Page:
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Recently we had an opportunity to give a presentation before a group of people in various walks of life; all sharing the common denominator that they had someone they loved who was depressed or they themselves were battling depression. The program went well but the one thing that stays with me is the room we met in.
It was roughly 20 x 20 feet and had the padded moveable walls that churches often have. The room had no windows and one entire side of this small space had chairs, stacked one on top of the other. The twenty five chairs out for our participants were crammed together in order to fit the space not already taken up by a wall of chairs.
I reflected afterwards that the room was a symbol of how we treat mental illness. It is hushed up and relegated to that room with no windows. Mention mental illness and immediately people get either guarded or uncomfortable. This illness, they seem to be saying, is not really an illness but rather a defect in our family. And no matter how often people are told this isn’t true, it lingers in the background. This mindset is fed when support groups meet in rooms like I’ve described.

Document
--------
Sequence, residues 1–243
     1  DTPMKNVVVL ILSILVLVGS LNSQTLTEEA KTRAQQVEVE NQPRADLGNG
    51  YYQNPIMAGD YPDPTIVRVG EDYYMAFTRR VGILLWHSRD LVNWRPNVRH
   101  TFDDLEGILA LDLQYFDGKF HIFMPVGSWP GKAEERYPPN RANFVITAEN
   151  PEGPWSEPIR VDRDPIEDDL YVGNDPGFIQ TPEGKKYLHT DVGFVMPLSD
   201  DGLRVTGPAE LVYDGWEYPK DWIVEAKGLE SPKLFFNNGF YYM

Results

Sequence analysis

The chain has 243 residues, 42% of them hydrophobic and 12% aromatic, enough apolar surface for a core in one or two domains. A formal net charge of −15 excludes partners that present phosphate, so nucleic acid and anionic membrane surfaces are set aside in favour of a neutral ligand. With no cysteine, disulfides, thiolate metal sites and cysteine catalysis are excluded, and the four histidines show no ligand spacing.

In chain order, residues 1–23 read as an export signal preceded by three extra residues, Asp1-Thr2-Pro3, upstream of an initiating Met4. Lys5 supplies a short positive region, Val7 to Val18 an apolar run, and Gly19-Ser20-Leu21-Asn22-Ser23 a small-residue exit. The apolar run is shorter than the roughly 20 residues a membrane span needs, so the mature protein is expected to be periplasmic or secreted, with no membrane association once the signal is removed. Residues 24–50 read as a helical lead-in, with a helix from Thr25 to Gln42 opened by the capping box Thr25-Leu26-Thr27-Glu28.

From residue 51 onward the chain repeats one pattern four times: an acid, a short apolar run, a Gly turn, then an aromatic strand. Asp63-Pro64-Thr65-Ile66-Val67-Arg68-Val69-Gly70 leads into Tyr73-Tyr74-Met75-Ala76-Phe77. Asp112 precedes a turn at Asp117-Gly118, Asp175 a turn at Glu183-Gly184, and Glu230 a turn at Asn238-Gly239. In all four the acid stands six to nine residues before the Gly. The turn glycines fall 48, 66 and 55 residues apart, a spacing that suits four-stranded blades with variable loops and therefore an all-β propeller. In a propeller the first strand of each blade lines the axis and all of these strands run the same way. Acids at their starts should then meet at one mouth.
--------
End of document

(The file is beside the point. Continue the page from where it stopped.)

We as caregivers have to bring discussion of mental illness out into the open, talking as candidly about it as we might discuss treatment for cancer or a broken arm. We have to let people know that it is treatable, that we need people to respond to it as they do to other illnesses, and that this illness does affect how we are with friends and family members.
Let’s not discuss depression in hushed and fearful voices. Let’s talk in the confident, loving tone that says we can handle this, we can work to make it better, and we want all the windows and sunshine that we can get. No more closet storage rooms for us.

Buy the Book! - Dancing in the Dark - How to Take Care of Yourself When Someone You Love is Depressed

This blog post was written by Bernadette Stankard, co-author of the book, Dancing in the Dark – How to Take Care of Yourself When Someone You Love is Depressed.